Toronto Votes

Chow, Tory and Goldkind debate in Regent Park

Three high-profile candidates vying to be the city's next mayor took part in a debate focussing on affordable housing, crime and poverty in Regent Park tonight.

Doug Ford didn't confirm attendance for debate

Mayoral candidates (with the exception of Doug Ford) debated on matters of poverty, crime, and affordable housing in Regent Park Wednesday night. (CBC)

Three high-profile candidates vying to be the city's next mayor took part in a debate in Regent Park tonight.

Olivia Chow, Ari Goldkind and John Tory answered questions at an event held at Daniels Spectrum, 585 Dundas St. E., at 7 p.m. 

Doug Ford, however, did not confirm his attendance. The moderator at the event said that "Doug sent his regrets yesterday." He was said to be attending the Toronto Maple Leafs home opener game at the Air Canada Centre. 

The event was moderated by Regent Park residents Abdur Rafi and Kate Sellar.

The first question was about the lack of affordable housing — and long waitlists for subsidized housing — in downtown Toronto. 

Goldkind was the first to speak, saying that developers needed incentives like tax credits to create more affordable units.

"You must incentivize developers and landlords to understand that there's a win here for them," he said. 

Chow promised to build 15,000 affordable housing units, adding that she will "ask developers building big towers to put 20 per cent of these unit" as affordable units. 

Tory said that he bets many people didn't think a developer would want to come into Regent Park and create what Daniels did, but the fact it happened makes him "optimistic" more developers will choose to do the same.

He added that he would lobby the Ontario government and federal government to match funds for the repair backlog in Toronto Community Housing. 

Gun violence and sexual assault

When asked what she would do to curb the instances of gun violence and sexual assault, Chow said "I don't think more policing is necessarily the solution. In fact, what we need to do is stop racial profiling and stop carding."

She went on to say that investing in the well-being of children would work towards decreasing crime. 

"What we need to do is start when a person is young creating more affordable high quality childcare," Chow said. "I pledge to create at least 3,000 more childcare spaces because then it would allow the mom and dad to go to work if they want to and then the kid would grow up strong."

Goldkind talked about the need for more street lighting and park benches for crime prevention before moving on to the issue of handguns. On that matter, Goldkind said that emails (sent from Chow) about banning handguns — which he said were already illegal — were not much help.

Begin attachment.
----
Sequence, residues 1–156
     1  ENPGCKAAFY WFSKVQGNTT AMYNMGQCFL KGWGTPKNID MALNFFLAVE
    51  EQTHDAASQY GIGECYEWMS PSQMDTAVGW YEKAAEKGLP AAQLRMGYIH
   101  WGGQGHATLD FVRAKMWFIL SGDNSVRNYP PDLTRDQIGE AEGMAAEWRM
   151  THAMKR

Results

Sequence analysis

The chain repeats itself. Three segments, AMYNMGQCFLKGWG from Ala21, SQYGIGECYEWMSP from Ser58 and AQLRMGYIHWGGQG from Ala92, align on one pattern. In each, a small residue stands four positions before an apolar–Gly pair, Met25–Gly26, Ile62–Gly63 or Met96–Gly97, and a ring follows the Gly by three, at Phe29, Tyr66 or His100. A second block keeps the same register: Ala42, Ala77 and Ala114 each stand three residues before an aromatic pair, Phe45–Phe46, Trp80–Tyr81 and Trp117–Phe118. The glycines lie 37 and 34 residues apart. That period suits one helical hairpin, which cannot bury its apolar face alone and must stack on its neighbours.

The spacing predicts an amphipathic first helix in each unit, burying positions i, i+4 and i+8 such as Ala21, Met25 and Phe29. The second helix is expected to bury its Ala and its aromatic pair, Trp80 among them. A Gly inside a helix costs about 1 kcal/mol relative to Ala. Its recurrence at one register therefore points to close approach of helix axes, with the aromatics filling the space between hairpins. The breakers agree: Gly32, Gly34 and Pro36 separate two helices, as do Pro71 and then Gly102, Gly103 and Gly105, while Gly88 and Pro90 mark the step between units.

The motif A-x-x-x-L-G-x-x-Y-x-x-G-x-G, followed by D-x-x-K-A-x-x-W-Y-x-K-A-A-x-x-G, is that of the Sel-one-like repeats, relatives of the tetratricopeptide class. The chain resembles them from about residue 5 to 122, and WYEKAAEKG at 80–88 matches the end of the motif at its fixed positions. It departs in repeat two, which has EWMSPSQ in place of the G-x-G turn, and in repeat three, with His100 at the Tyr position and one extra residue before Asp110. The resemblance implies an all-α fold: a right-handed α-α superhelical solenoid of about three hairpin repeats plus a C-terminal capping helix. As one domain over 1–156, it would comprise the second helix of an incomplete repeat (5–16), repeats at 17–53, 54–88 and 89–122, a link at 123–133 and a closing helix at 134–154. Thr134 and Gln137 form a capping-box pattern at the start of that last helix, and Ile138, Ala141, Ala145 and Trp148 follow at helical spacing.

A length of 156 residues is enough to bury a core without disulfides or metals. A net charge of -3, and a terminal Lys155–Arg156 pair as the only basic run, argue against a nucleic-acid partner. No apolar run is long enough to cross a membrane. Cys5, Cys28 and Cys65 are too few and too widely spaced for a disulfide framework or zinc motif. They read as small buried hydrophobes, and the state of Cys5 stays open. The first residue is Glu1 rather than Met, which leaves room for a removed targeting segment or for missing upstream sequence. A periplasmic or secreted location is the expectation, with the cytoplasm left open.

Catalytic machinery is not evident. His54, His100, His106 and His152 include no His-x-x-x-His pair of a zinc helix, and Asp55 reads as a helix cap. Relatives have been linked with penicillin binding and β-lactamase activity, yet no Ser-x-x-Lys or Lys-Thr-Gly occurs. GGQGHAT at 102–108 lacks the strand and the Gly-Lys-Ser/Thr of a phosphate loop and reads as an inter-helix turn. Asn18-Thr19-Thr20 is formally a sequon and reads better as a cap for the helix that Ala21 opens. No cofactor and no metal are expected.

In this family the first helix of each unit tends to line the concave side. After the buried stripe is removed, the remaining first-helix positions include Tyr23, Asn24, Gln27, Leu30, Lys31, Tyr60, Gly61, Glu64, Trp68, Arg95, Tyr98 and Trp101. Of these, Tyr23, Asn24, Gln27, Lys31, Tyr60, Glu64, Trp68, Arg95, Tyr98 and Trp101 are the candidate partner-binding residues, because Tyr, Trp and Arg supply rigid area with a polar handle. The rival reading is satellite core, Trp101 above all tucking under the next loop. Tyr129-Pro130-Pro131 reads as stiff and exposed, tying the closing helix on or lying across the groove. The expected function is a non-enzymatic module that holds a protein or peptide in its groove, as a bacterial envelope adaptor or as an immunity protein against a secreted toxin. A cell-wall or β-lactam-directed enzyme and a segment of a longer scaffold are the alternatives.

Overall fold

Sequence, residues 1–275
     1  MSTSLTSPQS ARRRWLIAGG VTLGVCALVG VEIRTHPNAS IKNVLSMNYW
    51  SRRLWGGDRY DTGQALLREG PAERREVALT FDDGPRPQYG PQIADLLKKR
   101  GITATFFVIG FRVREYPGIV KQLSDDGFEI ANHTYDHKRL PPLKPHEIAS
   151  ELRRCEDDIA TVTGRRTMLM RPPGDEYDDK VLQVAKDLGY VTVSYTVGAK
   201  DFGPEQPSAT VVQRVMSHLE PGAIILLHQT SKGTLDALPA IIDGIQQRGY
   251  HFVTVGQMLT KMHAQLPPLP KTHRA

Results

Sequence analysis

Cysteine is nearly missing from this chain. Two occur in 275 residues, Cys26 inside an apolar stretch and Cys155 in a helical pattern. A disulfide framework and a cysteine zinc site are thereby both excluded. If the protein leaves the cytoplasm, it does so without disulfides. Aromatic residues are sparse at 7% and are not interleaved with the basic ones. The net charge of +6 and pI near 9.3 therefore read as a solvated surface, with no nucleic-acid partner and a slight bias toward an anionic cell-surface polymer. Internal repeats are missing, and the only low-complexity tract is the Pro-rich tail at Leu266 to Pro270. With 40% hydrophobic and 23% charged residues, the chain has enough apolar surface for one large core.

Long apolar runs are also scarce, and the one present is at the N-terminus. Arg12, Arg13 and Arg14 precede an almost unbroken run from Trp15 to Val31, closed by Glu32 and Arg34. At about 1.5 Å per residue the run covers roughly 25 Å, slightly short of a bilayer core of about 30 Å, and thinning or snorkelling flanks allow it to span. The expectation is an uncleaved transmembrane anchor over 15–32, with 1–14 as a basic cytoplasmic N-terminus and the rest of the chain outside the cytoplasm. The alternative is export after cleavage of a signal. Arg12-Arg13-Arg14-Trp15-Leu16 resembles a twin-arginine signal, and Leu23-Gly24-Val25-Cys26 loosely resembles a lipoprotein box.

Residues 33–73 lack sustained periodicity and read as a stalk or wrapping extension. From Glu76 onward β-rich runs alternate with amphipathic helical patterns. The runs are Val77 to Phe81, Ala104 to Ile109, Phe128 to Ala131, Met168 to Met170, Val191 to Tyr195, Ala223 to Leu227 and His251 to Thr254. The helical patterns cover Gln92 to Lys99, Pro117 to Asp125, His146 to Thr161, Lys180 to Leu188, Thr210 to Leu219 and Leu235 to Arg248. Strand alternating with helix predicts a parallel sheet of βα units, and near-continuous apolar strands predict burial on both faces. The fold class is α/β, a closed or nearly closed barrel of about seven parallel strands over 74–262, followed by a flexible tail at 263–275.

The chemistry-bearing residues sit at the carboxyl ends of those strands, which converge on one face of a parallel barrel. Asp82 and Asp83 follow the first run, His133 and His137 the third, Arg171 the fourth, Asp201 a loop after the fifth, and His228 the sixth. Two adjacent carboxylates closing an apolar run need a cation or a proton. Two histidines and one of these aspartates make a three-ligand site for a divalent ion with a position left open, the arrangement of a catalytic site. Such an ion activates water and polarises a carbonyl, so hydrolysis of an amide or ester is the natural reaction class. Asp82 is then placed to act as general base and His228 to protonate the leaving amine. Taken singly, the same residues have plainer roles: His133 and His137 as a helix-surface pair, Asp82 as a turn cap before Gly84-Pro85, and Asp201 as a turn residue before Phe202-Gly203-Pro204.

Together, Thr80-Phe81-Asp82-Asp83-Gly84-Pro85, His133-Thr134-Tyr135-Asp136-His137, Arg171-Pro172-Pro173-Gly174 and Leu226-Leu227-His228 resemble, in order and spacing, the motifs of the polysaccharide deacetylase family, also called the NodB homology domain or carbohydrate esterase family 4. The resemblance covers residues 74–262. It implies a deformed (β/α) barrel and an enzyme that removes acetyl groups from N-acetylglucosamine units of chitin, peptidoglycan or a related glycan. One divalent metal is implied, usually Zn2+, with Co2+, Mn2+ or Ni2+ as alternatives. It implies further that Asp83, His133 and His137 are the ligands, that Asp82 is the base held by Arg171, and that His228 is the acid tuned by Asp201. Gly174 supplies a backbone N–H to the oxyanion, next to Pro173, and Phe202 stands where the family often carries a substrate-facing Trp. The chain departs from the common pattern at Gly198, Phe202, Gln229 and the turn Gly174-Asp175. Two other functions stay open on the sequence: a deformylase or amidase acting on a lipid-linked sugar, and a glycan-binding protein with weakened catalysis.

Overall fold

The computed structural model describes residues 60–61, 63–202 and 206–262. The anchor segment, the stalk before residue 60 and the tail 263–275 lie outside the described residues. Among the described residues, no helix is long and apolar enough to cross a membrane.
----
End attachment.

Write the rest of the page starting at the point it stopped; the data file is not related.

Goldkind called for every Toronto police officer to have to wear lapel cameras.

Tory said that there is not enough being done at the border to stop illegal handguns from entering Canada.

"They're just not making the effort," he said. "I'm convinced if they can operate thoroughly to stop you from bringing a bottle of wine... or something like that into the country, they can do better on guns." 

Food and poverty

On the matter of safe, sustainable and affordable food, Tory said that the best thing to do was to help people acquire a good paying "productive job." 

"I think it starts and ends and I believe this in my heart that putting people in a position where they're able to afford to buy healthy food...  and the best way you're going to do that is to give them a long-term, lasting, productive job and I think that's what people want anyway," he said. 

Goldkind countered and said that most Torontonians would likely be willing to give a little more in order for others "who have been left behind" to have food. 

"That's how you start building security, because security isn't just food insecurity," Goldkind said. "It's income security. It's having shelter."

Chow said that she would create more community gardens and work with agencies like FoodShare and Foodbasket

"It's a really wonderful model, whether you're growing vegetables or having fruit trees," she said. "All of that is so you can grow locally and the kids can see it, the families can come together, plant together, grow together, eat together, harvest together. It brings a community together and makes it strong and provides access to food."

The mayoral debate was the second to be held Wednesday, following one around noon at Dockside Drive, which was hosted by George Brown and the The Globe and Mail.